Adaptive Social Learning Strategies in Temporally and Spatially Varying Environments: How Temporal vs. Spatial Variation, Number of Cultural Traits, and Costs of Learning Influence the Evolution of Conformist-Biased Transmission, Payoff-Biased Transmission, and Individual Learning

Wataru Nakahashi, Joe Yuichiro Wakano, Joseph Henrich

Research output: Contribution to journalArticle

49 Citations (Scopus)


Long before the origins of agriculture human ancestors had expanded across the globe into an immense variety of environments, from Australian deserts to Siberian tundra. Survival in these environments did not principally depend on genetic adaptations, but instead on evolved learning strategies that permitted the assembly of locally adaptive behavioral repertoires. To develop hypotheses about these learning strategies, we have modeled the evolution of learning strategies to assess what conditions and constraints favor which kinds of strategies. To build on prior work, we focus on clarifying how spatial variability, temporal variability, and the number of cultural traits influence the evolution of four types of strategies: (1) individual learning, (2) unbiased social learning, (3) payoff-biased social learning, and (4) conformist transmission. Using a combination of analytic and simulation methods, we show that spatial-but not temporal-variation strongly favors the emergence of conformist transmission. This effect intensifies when migration rates are relatively high and individual learning is costly. We also show that increasing the number of cultural traits above two favors the evolution of conformist transmission, which suggests that the assumption of only two traits in many models has been conservative. We close by discussing how (1) spatial variability represents only one way of introducing the low-level, nonadaptive phenotypic trait variation that so favors conformist transmission, the other obvious way being learning errors, and (2) our findings apply to the evolution of conformist transmission in social interactions. Throughout we emphasize how our models generate empirical predictions suitable for laboratory testing.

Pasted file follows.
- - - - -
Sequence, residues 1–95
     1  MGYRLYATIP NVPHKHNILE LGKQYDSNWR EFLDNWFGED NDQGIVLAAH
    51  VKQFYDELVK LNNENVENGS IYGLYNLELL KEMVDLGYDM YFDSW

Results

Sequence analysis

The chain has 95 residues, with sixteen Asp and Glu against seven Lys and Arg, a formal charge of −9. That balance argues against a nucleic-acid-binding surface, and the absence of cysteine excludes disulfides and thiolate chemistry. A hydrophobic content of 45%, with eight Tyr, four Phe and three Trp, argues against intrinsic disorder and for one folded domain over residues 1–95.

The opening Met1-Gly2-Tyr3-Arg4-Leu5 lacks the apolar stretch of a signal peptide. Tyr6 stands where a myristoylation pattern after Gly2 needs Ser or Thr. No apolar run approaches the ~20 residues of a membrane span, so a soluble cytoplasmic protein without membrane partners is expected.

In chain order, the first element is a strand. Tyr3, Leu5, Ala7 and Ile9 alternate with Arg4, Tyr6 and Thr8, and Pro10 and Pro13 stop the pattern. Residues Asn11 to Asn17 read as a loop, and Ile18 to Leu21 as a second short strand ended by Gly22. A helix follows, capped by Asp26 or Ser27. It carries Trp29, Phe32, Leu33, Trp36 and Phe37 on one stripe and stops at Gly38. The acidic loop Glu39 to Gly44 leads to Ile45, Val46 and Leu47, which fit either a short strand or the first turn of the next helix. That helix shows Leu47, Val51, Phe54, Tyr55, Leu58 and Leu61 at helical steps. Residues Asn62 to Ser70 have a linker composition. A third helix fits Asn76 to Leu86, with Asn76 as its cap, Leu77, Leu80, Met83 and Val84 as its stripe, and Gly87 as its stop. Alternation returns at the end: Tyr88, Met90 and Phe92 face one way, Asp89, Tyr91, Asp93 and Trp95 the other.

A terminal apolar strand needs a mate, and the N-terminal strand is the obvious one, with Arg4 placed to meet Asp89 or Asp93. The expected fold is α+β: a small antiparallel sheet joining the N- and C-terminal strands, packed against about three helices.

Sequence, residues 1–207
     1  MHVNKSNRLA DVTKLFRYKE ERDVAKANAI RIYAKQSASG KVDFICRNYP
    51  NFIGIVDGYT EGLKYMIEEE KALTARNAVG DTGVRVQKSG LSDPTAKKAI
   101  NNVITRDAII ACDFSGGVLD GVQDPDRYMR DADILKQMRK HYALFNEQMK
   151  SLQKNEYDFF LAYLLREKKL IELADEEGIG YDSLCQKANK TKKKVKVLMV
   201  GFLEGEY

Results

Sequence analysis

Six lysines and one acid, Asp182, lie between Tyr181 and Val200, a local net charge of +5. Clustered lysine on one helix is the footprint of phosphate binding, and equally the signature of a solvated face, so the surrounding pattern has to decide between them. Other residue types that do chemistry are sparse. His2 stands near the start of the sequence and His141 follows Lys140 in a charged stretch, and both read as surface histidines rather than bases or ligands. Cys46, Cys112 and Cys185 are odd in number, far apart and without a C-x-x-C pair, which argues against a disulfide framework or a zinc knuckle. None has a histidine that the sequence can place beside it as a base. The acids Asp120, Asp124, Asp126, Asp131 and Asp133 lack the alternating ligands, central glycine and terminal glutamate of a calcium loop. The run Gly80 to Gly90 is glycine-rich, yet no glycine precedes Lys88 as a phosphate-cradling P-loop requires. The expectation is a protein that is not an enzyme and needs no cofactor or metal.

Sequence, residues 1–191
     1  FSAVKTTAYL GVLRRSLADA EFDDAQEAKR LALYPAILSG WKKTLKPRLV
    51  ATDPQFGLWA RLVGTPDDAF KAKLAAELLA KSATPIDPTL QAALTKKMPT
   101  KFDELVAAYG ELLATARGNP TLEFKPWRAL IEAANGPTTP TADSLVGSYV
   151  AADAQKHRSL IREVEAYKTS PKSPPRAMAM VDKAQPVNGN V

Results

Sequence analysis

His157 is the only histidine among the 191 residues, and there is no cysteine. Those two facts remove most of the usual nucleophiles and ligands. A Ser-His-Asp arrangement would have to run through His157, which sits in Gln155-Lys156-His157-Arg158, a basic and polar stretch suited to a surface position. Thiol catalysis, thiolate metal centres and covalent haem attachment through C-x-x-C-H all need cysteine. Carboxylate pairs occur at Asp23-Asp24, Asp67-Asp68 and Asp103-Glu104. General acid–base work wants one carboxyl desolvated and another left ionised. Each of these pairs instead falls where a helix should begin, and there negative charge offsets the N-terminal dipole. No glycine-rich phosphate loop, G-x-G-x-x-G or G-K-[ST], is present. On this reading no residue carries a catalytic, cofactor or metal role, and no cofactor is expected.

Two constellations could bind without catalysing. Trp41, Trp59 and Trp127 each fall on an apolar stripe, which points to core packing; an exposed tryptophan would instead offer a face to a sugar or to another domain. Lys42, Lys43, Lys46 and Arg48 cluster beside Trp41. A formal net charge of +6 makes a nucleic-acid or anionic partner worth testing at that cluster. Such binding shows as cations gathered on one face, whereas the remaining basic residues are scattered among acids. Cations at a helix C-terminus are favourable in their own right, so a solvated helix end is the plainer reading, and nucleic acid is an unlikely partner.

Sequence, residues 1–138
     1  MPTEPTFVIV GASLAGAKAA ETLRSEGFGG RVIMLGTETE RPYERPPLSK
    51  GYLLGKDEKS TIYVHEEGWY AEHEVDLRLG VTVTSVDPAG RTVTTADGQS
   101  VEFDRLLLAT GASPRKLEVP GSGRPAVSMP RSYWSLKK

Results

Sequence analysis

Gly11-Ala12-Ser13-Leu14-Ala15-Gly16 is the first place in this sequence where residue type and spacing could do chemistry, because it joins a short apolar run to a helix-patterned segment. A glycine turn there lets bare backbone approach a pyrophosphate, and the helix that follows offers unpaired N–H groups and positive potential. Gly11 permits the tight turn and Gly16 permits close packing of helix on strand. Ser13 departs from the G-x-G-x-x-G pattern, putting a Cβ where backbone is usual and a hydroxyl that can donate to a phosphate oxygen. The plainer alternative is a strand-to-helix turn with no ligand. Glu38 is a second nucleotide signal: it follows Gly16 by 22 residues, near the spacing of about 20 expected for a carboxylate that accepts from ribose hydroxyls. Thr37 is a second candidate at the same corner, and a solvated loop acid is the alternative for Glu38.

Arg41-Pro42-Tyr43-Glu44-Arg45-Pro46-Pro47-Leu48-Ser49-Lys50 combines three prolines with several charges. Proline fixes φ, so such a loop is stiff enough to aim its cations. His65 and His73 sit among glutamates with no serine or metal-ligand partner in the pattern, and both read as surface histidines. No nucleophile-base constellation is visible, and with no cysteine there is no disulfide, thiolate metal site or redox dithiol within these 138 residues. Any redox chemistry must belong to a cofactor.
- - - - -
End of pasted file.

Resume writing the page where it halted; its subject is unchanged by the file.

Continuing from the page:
Original languageEnglish
Pages (from-to)386-418
Number of pages33
JournalHuman Nature
Issue number4
Publication statusPublished - 2012 Dec 1



  • Conformist transmission
  • Individual learning
  • Learning strategies
  • Payoff-biased transmission
  • Social learning

ASJC Scopus subject areas

  • Ecology, Evolution, Behavior and Systematics
  • Anthropology
  • Arts and Humanities (miscellaneous)
  • Social Sciences (miscellaneous)
  • Sociology and Political Science

Cite this